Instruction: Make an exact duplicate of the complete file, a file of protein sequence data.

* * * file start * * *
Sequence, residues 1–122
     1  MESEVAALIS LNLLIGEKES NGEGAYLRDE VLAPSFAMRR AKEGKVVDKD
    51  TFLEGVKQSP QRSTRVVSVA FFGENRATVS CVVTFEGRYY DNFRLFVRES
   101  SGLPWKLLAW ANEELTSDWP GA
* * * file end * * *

Sequence, residues 1–122
     1  MESEVAALIS LNLLIGEKES NGEGAYLRDE VLAPSFAMRR AKEGKVVDKD
    51  TFLEGVKQSP QRSTRVVSVA FFGENRATVS CVVTFEGRYY DNFRLFVRES
   101  SGLPWKLLAW ANEELTSDWP GA